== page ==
A new feature has the potential to put Amazon devices — and your business — at risk.
It seems like everywhere we go nowadays, the Internet is all around us. And beginning on June 8, 2021, the Internet will be waiting right outside your door. Always there, always-on, courtesy of Amazon, for Amazon devices.
Amazon Sidewalk is a new feature that uses the Bluetooth Low Energy (BLE) radio in newer Amazon Echo and Ring devices to broadcast a low-bandwidth (900 MHz), long-range wireless signal up to half a mile away. And unless you proactively opt-out of the feature, Amazon plans to activate and enable Sidewalk by default on supported devices on June 8.
The purpose of Sidewalk is to create a massive mesh network for Sidewalk Endpoints. This mesh network allows devices to connect instantly to each other and to help make it easier to set up new Amazon products on your home Wi-Fi network. This all sounds well and good, except when you stop to consider three glaring problems with this strategy.
There are 3 important reasons you should take particular care regarding smart devices and their security.
The first consideration is the inherent vulnerabilities in consumer smart home devices (including Echo smart speakers or Ring Cameras), but also in the Bluetooth communications protocols. Making matters even trickier, and potentially more interesting for bad actors, is that this is Sidewalk 1.0 — an entirely new feature, with all the potential for bugs and unknown vulnerabilities that you’d expect from a first-generation feature release.
Second, is the historically poor history of timely security updates for smart devices. The time between a vulnerability’s disclosure and the availability of an effective patch can take anywhere from days to months. In the worst cases, a vulnerability fix can’t be developed at all. And if and when patches are made available, it takes time for them to reach devices, and they very often require human intervention to get them installed. All the while these devices are left vulnerable to the significant risk of attacks.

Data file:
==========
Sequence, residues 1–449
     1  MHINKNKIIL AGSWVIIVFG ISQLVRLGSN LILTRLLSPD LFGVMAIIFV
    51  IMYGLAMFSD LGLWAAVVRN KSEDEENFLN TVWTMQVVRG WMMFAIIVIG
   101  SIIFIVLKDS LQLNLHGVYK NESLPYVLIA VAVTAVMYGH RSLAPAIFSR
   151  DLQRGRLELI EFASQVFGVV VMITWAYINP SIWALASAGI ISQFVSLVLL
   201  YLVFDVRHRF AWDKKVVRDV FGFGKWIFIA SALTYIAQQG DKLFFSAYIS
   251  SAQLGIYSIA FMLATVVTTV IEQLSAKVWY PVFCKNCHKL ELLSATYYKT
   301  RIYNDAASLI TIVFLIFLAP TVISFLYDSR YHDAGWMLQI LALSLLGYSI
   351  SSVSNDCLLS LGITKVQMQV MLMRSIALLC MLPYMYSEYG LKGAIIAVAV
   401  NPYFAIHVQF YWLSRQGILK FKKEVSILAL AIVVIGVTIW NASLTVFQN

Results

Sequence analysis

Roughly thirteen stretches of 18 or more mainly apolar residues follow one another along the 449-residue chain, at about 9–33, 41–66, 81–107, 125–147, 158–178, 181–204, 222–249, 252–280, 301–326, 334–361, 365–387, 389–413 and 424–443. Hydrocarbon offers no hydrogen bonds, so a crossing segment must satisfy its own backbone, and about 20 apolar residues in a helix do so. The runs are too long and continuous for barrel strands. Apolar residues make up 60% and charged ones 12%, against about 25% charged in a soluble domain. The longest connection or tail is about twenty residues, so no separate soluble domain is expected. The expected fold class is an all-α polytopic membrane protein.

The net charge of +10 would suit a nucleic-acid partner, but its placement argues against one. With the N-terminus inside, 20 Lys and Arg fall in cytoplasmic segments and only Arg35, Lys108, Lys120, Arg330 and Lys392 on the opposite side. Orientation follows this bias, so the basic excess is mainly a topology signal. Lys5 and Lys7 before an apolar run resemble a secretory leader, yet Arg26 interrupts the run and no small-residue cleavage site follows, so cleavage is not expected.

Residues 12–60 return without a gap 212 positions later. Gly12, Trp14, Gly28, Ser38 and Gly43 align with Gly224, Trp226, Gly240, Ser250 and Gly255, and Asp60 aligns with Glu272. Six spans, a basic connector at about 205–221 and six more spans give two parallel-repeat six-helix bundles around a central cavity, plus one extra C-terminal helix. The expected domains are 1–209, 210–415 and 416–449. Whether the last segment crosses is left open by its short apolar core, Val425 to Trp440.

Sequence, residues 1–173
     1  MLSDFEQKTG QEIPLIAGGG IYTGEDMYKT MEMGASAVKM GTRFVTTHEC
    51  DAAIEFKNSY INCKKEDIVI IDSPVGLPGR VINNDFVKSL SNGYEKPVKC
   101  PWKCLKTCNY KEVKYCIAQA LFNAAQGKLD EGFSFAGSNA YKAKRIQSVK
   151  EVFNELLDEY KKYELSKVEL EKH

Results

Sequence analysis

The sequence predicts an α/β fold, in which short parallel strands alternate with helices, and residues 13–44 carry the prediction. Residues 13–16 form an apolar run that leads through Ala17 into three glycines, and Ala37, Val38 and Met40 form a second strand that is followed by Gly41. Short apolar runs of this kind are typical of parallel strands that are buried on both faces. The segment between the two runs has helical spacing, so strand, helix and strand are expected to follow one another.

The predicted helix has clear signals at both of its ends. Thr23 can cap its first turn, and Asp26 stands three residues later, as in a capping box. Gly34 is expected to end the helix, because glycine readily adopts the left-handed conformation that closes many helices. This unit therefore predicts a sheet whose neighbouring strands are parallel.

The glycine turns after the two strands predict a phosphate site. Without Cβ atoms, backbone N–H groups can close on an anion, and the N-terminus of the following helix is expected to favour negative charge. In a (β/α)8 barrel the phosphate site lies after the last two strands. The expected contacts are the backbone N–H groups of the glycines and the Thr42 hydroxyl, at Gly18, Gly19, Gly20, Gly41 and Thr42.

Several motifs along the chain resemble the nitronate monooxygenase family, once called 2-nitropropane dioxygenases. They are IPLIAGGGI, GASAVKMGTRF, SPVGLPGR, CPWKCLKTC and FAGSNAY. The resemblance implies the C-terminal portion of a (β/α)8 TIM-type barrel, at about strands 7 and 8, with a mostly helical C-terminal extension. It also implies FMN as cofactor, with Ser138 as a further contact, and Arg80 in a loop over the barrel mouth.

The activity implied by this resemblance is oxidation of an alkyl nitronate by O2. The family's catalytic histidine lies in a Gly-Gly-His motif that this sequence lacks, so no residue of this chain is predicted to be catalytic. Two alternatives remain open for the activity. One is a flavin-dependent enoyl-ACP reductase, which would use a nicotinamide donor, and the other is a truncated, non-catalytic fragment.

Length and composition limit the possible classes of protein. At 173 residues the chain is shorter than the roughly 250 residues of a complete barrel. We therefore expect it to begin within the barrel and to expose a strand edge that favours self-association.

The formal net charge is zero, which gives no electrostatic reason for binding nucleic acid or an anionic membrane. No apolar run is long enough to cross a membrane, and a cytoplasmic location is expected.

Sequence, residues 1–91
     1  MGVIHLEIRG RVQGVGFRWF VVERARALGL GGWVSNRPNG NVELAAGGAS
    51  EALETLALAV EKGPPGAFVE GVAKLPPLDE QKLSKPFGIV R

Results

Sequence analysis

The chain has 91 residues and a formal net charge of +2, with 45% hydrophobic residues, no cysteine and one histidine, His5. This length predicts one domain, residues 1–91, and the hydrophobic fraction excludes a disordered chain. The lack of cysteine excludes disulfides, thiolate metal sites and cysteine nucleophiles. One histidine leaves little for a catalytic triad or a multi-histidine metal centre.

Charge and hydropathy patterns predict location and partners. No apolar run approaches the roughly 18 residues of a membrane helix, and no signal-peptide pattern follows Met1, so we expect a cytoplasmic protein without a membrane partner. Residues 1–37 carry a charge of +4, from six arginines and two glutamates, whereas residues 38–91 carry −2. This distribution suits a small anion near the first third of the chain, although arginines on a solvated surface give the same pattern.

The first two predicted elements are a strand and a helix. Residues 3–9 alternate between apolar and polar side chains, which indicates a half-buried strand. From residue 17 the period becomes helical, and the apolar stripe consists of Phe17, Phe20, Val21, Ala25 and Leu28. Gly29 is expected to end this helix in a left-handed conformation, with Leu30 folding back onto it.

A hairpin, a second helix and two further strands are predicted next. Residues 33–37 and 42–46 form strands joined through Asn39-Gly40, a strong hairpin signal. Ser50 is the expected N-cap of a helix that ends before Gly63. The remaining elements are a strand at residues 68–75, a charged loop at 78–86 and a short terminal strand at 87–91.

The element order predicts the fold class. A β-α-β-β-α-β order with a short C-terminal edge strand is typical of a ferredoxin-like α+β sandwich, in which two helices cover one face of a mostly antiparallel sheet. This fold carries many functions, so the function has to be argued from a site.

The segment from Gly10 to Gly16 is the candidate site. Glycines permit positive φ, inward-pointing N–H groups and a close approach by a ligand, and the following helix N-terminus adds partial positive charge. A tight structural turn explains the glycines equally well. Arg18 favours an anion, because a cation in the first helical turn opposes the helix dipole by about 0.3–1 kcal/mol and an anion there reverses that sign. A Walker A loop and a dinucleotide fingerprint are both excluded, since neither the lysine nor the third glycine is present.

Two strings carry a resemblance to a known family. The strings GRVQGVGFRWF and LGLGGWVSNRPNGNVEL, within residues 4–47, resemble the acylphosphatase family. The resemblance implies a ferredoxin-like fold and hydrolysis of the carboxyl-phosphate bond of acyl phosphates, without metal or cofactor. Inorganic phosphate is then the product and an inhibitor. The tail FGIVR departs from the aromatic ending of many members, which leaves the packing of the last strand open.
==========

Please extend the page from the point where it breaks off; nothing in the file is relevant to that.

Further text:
And lastly, very, very, very few smart devices — for example the Amazon Echo — have operating systems that can support the installation of third-party software. That includes security agents that most traditional IT and security tools need to even know a device exists. And what’s worse than not knowing what’s on your network? Knowing you don’t know what’s on your network and not knowing what to do about it.
The three reasons why you should care are exactly the conditions that make every unmanaged and un-agentable connected device in your enterprise a security risk. Traditional security approaches do not have an effective means to manage and secure these devices.
And, more specifically, Sidewalk matters for enterprises today because Amazon Echo smart speakers are a ubiquitous part of our everyday personal and work lives. In fact, Echo smart speakers and their now-famous assistant, Alexa, are integrated into many popular business solutions found from the lunchroom to the board room.
Amazon devices that support Sidewalk include:
If a device on your network and beyond your control (like an un-agentable Amazon Echo or Ring smart home device) can establish a direct connection with another device outside of your control (like a Sidewalk endpoint), then the risk of exposing your business to a cyberattack multiplies.
While Amazon has published a lengthy explanation of its security measures for Sidewalk, the approach is based on authentication and encryption which alone are insufficient for complete security meaning it’s impossible to guarantee that the feature won’t compromise enterprise security. Armis recommends that consumer and business users of Echo devices that support Sidewalk disable this new feature prior to June 8.
Here’s how to do it:
The Armis platform can tell you whether or not there are Echo or Ring devices on your network. Our Armis Standard Query tool makes identifying these devices easy in just a few clicks. Once devices have been identified, you can use the Armis policy builder to take action. For example, you can set a policy to trigger alerts to let you know when Echo or Ring devices are found on your network. Or, you could create a policy that proactively prevents these devices from remaining connected to your network until you can validate whether or not Sidewalk has been disabled.
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